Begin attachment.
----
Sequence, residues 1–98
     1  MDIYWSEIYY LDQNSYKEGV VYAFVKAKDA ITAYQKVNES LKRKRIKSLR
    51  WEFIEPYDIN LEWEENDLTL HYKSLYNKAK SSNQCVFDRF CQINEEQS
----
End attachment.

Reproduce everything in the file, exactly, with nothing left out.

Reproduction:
Sequence, residues 1–98
     1  MDIYWSEIYY LDQNSYKEGV VYAFVKAKDA ITAYQKVNES LKRKRIKSLR
    51  WEFIEPYDIN LEWEENDLTL HYKSLYNKAK SSNQCVFDRF CQINEEQS